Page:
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Mike B

5 SOngwriting tips you may not have thought of

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Mike B    79

1) Your songwriting rhyme scheme helps the listener keep up with where they are in the song. You want to keep the rhyme scheme consistent across all of the verses and consistent across all of the choruses if the choruses change. Not doing so makes the listener feel unsettled.

2) Your hook or title HAS to appear in one of the following places or you risk the listener not being able to tell what your title is. The title can be: 1) The last line of the verse 2) The first line of the chorus 3) The last line of the chorus 4) The third line of the chorus if it’s also the first line. If you only have the hook in one spot, it almost has to be the last line of the chorus. People are trained to look for the title in certain spots. You want them to be able to call in to a radio station and request your song, so make sure they know the title.

3) You can do half verses and half choruses. Sometimes, you need a double verse in the beginning to set the stage and establish the story. It’s ok to cut that in half the second time around. It’s probably preferable. The verses of songs are not what people remember. They want more choruses, not double verses everywhere. On the other side of the fence, sometimes you might want a short chorus the first time around and a double chorus for each subsequent chorus. That “build” is interesting and keeps the listener tuned in.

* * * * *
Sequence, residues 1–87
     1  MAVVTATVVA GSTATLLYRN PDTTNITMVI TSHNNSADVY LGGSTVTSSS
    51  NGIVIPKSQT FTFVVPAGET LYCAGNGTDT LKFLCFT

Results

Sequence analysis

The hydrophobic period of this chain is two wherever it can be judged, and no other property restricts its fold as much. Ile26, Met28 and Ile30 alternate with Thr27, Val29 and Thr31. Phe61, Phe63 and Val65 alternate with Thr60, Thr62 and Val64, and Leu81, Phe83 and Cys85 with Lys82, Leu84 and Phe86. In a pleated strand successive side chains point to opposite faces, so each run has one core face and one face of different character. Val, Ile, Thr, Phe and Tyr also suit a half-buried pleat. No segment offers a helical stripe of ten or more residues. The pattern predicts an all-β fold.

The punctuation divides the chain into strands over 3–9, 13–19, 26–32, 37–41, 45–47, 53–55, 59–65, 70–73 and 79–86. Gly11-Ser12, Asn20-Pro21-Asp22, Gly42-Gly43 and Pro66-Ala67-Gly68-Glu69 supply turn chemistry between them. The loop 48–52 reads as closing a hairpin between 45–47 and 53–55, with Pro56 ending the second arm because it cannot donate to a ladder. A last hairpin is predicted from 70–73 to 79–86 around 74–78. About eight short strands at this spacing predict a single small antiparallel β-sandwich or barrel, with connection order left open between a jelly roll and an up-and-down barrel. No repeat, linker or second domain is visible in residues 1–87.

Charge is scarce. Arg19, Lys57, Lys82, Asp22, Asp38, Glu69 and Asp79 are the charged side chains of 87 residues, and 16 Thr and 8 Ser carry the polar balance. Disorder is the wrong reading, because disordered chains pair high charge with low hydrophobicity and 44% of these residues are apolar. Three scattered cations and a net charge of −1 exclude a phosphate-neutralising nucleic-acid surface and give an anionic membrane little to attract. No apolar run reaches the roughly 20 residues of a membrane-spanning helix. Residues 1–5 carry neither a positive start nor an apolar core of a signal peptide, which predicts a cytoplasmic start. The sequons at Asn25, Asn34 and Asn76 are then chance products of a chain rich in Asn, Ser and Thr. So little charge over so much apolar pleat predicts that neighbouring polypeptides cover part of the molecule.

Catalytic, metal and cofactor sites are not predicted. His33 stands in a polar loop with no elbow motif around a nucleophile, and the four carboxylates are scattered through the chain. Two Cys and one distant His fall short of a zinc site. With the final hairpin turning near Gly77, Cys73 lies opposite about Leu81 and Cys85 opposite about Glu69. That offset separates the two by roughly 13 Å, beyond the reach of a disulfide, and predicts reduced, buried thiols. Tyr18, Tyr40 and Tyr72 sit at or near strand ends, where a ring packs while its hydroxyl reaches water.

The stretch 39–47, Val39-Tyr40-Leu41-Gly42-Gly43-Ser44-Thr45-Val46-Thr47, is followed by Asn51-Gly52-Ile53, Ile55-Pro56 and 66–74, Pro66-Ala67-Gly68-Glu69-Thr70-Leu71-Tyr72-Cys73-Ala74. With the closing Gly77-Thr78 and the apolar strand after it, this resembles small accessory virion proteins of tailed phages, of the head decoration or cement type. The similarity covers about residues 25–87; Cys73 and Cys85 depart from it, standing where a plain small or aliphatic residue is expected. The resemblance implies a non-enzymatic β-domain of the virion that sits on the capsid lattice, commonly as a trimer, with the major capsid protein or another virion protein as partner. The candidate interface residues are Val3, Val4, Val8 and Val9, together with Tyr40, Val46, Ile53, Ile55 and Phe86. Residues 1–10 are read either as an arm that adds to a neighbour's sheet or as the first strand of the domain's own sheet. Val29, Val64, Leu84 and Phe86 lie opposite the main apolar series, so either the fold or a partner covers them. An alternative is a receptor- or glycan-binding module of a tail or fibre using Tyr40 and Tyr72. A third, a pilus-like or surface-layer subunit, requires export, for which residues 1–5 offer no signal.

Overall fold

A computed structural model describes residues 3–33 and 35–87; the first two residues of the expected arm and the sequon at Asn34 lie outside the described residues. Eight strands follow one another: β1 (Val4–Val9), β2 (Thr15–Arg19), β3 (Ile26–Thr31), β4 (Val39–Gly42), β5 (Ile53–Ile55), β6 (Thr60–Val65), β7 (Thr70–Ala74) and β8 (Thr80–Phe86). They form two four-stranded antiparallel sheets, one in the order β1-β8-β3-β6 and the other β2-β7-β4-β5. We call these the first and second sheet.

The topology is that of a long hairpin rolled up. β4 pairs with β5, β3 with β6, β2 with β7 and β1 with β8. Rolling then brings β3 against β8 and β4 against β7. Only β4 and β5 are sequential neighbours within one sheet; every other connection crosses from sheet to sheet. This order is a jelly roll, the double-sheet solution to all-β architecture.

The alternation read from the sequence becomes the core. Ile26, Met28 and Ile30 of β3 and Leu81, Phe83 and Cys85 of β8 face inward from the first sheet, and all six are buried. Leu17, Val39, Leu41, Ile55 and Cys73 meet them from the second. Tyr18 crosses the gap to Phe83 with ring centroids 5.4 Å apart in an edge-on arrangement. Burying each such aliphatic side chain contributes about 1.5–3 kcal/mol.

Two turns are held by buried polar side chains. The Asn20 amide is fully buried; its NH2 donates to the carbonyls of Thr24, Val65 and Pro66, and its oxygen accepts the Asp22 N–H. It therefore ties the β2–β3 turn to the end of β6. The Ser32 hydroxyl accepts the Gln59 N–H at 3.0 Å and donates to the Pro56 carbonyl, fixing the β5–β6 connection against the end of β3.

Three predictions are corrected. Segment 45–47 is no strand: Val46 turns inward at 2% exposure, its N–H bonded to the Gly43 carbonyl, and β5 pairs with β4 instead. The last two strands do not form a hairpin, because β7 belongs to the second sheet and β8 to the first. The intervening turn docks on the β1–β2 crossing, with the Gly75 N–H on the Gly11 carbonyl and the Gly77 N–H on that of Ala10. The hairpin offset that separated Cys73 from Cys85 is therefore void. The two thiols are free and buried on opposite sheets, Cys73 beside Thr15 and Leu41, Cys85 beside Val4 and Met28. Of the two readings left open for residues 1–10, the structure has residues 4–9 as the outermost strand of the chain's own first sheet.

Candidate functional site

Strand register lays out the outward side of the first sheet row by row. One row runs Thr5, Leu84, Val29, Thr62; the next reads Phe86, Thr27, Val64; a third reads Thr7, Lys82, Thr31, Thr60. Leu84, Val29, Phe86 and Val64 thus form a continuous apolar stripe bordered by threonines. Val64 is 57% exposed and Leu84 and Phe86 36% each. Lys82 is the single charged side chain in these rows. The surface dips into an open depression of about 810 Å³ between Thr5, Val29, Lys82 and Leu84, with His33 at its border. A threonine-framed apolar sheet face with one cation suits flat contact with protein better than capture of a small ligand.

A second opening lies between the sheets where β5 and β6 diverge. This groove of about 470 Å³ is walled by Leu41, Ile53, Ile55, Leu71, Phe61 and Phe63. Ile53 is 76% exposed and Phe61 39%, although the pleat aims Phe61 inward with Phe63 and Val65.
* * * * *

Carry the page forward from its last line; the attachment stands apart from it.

4) Don’t bore us, get to the chorus. Nobody wants to hear 6 verses. I’ve never written a song with more than 4 and I don’t believe I have ever gotten a cut that had more than 3. People want to hear the chorus. Get them there as quick as you can.

5) Clear trumps clever. Don’t give in to the idea that your song can’t survive if it’s not clever. Songs that simply say what they mean to say work time and time again. Clever songs tend to walk along the border of “Cheesemania”. One wrong move and you are fatally cheesy. Say what you mean to say. Then, make sure it’s interesting enough. First and foremost, you are a communicator. Communicating clearly is the goal.

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So you're saying I might actually be doing it right. Lol. 

I use all of these techniques in my songwriting. 

Good tips!

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chazmataz    21

Good stuff Mike. I would like to add another suggestion....keep intros short, or non-existent....don't need a minute of three boring chords.

 

Chaz

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R-N-R Jim    12
On 9/5/2017 at 19:38, Mike B said: